By: Judy Vickers
She is the last of her kind in the world. In her heyday she carried British royalty and a US First Lady and in her hour of need she has attracted support from a princess, celebrities and a mysterious millionaire benefactor. This year the iconic Clyde steamer TS Queen Mary celebrates her 90th birthday, having been constructed in 1933 by shipbuilders William Denny in Dumbarton.
And like any 90-year-old, she has seen ups and downs in her life, from the highs of carrying 13,000 passengers each week as “Britain’s finest pleasure steamer” to the lows of lying rusting in the English port of Tilbury and threatened with scrappage. Her next decade looks set to be bright though as a multi-million pound restoration aims to have her cruising again, for the first time since 1977, in 2025. Her anniversary year has started well with a £1 million donation from a mystery benefactor in April, taking campaign funds to almost half their £10m target.
The Glasgow boat
The charity which rescued the ship from Tilbury in 2015, Friends of TS Queen Mary, said at the time the “astonishing gift” would “turbo-charge” their efforts to ensure the much-loved vessel will sail again, added to a revival of a once-popular tradition – that of sailing “doon the watter”. From the early 19th century, steamers carried thousands of city folk out and away from the factories and the industrial urban landscape of their Glasgow home for day trips to the scenic parts of Ayrshire, particularly during Glasgow Fair Week in July.
Sailing “doon the watter” – the “watter” in question being the Clyde – was a familiar part of holiday life for many until the latter part of the 20th century when cheap airfares and package holidays abroad killed the trade. TS Queen Mary was the tenth (and final) turbine pleasure steamer built for Clyde service. She was the largest and most luxurious in the fleet and is now the last in existence. She was known as “the Glasgow boat” and sailed “doon the watter” from Glasgow to destinations such as Dunoon, Rothesay, Millport and Arran.
From the beginning her history was full of quirks – in the spring of 1935, at the request of Cunard White Star Line, TS Queen Mary was renamed Queen Mary II, so as to release the name Queen Mary for the liner then under construction at John Brown’s shipyard in Clydebank. She regained her original name in 1976 as the liner Queen Mary had retired from sailing. She hadn’t been in cruising service for long before war interrupted – she was called into service providing a lifeline mail and passenger service to the Scottish islands. Her wartime passengers included King George VI, Queen Elizabeth (the Queen Mother), the future Queen Elizabeth II, Princess Margaret and former US First Lady Eleanor Roosevelt. She returned to cruising duty after the war but the 1960s and 70s saw a decline in Clyde steaming’s popularity and her final sailing was in September 1977 before she was moored up in Greenock.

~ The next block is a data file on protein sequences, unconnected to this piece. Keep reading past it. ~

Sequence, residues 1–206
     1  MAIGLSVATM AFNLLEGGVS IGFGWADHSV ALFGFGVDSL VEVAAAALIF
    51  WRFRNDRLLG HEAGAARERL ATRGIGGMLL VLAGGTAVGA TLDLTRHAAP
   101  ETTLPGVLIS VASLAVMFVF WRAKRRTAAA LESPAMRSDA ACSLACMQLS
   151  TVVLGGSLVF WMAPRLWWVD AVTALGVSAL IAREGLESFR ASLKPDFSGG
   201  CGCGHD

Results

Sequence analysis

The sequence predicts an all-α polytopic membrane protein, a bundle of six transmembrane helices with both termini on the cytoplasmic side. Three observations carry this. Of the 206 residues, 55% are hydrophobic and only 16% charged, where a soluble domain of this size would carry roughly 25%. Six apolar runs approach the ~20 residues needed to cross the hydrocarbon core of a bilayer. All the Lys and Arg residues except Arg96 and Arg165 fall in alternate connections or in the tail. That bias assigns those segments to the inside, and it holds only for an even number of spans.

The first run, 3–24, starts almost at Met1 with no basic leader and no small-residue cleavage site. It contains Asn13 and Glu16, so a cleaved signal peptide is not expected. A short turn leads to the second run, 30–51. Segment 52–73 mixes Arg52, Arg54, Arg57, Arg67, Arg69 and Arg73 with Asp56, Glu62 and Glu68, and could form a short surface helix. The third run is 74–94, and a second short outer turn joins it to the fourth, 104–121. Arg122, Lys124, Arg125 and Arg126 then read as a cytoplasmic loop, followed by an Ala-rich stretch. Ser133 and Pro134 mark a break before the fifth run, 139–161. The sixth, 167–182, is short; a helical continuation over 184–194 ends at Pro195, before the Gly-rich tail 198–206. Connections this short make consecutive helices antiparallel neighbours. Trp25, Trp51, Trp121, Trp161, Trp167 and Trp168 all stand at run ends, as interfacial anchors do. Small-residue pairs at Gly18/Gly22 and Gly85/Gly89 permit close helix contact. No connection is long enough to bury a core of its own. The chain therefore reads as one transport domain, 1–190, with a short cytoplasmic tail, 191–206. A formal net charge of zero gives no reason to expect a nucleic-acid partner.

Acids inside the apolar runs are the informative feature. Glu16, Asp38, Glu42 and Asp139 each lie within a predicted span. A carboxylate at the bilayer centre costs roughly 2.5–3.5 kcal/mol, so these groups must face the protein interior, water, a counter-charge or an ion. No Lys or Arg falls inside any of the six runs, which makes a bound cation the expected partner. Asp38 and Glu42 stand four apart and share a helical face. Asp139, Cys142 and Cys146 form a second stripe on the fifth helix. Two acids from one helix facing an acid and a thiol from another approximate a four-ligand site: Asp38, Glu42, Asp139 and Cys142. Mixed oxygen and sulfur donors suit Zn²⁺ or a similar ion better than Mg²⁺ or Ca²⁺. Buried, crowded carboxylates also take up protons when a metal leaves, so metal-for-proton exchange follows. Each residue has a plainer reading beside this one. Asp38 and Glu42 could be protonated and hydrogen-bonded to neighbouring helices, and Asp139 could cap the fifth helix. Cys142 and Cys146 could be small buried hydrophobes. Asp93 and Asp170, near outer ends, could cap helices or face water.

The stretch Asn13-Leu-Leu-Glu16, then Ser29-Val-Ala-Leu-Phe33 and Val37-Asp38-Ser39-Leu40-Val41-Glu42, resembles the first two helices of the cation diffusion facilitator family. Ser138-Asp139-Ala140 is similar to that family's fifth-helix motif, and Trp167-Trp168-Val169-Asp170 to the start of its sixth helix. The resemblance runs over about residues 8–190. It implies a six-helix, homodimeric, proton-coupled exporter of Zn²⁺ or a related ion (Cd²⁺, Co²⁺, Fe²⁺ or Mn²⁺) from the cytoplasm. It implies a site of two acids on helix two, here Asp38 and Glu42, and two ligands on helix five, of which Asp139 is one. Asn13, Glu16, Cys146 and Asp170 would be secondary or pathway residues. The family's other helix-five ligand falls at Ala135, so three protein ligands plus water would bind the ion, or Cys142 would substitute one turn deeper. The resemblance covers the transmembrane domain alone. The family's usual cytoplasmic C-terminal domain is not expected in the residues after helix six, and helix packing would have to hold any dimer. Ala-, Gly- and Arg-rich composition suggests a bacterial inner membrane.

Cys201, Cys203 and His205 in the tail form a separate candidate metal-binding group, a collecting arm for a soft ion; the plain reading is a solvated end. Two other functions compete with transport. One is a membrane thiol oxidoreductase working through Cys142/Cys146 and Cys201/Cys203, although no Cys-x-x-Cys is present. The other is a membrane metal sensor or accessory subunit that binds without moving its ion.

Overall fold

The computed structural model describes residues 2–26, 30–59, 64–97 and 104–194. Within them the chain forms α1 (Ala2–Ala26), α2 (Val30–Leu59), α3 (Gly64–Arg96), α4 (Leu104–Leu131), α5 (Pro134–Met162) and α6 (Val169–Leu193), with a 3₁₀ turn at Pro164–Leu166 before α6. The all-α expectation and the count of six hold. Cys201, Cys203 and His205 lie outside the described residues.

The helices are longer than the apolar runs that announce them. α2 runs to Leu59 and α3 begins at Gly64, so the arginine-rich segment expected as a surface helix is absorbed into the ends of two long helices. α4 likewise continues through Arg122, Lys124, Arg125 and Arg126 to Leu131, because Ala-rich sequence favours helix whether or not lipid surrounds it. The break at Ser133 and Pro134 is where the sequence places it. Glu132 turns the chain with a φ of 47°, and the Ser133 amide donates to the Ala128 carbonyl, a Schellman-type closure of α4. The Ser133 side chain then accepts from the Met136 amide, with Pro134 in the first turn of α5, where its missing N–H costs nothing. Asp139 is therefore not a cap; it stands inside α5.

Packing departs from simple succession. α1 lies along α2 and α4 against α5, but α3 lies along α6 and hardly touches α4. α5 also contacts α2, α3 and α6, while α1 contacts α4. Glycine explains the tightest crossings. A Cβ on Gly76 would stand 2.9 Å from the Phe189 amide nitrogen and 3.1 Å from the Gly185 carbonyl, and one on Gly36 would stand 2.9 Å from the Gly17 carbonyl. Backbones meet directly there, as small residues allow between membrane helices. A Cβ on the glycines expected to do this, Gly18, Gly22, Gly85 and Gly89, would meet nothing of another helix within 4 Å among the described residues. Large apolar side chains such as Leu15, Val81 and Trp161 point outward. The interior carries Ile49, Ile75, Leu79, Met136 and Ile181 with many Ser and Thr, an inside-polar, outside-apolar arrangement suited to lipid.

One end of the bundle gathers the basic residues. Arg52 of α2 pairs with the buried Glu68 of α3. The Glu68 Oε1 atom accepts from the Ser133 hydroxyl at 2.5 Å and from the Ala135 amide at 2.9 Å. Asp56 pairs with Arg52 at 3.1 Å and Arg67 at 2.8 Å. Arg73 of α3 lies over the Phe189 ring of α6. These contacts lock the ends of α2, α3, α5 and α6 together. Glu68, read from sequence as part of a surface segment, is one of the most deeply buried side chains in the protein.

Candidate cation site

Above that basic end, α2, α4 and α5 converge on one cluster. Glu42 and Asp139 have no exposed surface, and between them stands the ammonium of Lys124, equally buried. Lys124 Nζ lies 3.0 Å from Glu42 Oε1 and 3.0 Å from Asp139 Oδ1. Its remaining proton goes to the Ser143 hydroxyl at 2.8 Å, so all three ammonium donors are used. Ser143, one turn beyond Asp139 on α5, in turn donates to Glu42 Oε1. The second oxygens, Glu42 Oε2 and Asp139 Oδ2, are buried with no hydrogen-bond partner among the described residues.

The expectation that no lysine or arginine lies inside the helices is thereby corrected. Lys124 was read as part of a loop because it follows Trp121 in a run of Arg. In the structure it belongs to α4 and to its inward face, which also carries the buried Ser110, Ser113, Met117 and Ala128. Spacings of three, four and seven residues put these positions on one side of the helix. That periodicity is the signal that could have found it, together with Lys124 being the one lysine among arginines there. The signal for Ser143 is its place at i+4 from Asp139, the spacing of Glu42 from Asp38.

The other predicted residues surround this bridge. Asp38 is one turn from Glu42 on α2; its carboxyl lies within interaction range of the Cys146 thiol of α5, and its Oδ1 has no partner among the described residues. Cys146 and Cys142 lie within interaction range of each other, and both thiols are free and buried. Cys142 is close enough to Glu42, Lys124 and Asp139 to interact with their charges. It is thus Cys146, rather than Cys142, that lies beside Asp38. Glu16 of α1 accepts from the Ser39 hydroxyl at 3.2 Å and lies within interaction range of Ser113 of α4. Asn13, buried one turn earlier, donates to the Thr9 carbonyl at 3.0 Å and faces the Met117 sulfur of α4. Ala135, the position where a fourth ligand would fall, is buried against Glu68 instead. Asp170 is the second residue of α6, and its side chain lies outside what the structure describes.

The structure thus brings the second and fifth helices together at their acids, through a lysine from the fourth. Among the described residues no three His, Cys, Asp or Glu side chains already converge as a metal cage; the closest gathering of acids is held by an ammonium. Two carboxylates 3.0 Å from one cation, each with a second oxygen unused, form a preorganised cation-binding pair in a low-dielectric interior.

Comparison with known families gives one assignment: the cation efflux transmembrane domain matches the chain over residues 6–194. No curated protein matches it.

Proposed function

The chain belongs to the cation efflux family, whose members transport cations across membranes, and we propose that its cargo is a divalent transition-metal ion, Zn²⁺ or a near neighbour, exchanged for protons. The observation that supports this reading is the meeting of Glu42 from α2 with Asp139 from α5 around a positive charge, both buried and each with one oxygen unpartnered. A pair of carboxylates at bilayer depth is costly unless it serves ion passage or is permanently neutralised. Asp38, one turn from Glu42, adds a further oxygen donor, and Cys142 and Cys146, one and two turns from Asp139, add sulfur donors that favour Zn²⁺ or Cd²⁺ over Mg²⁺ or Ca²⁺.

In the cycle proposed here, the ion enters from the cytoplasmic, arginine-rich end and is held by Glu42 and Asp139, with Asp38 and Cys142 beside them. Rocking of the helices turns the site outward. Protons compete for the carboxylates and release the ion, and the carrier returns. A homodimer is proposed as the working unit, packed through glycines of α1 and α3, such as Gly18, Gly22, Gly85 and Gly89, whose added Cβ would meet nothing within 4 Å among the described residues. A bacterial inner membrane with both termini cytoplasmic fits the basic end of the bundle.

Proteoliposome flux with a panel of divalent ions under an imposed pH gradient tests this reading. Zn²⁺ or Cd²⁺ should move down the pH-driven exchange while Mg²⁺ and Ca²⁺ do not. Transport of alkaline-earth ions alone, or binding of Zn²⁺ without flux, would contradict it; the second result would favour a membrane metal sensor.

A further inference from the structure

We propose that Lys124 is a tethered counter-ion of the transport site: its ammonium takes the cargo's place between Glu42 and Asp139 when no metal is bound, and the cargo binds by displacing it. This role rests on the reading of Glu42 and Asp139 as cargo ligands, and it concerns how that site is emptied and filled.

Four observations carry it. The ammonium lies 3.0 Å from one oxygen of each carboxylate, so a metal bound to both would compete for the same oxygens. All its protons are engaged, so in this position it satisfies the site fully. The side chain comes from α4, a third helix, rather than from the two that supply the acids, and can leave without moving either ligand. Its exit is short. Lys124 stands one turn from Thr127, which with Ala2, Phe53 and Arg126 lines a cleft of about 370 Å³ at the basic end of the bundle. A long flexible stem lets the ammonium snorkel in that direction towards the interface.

Then comes her most traumatic years. She was sold to Glasgow District Council in 1978 with the idea of converting her into a museum but funds weren’t available and she was sold on again several times before she was towed to London in 1981. In 1987 she underwent a £2.5m refurbishment and was moored at Victoria Embankment in London as a floating restaurant. In 2009, she had been sold yet again and was taken to Tilbury in Essex near London, from where she was due be taken to begin a new life in France as a floating restaurant and fitness centre. Lack of funds scuppered those plans and she was left to rot – by 2015 she had prohibition notices slapped on her, barring her from leaving the port until hundreds of thousands of pounds in essential repairs were carried out. Scrappage loomed – but help was at hand.
An iconic part of Scottish history
Friends of TS Queen Mary had been formed in 2012 by a group of enthusiasts alarmed by developments and keen to save such an iconic part of Scottish history. When the Port of Tilbury put the vessel up for sale, the Friends’ bid, funded by businessman Jim McColl, one of Scotland’s richest men, was accepted.
And this wasn’t the only time the Queen Mary was able to rely on friends in high places. Once in the hands of the charity, a campaign to have her repaired was launched in December 2015, headed by Harry Potter actor Robbie Coltrane. The Rutherglen-born star was a huge supporter of the TS Queen Mary until his death last year. “Robbie used to sail on the ship as a boy,” explains a spokesman for the Friends. “He had a very deep affection for the vessel. What many people don’t know is that Robbie was a massive fan of Clyde steamers, as well as classic ocean liners – not just the vintage cars, which most people associate him with. Robbie came on board as patron before the ship was brought back to Glasgow. He was very good friends with Sam Neill (a fellow actor who was born in Northern Ireland before moving to New Zealand as a boy). Sam also has an interest in ships and was delighted to become our Commonwealth patron, when Robbie approached him.”
Funds flooded in and the Queen Mary was towed back home to the Clyde in an epic voyage along the west coast of the UK. Repairs began in 2016 with the idea of turning her into a static heritage centre at Pacific Quay. But in April last year, Princess Anne, the Princess Royal, who has been royal patron of the ship for four years, revealed plans to allow the ship to sail once again. The £1m anonymous donation will be used to construct new steel decks to ensure the ship complies with modern maritime safety requirements – one of the biggest structural undertakings of the ongoing work. Iain Sim, chairman of Friends of TS Queen Mary, said: “Our work continues to restore an iconic British ship whose proud history serving the Clyde rekindles many memories for tens of thousands of Scots and others across the world.”
Main photo: TS Queen Mary. Photo: David Millar.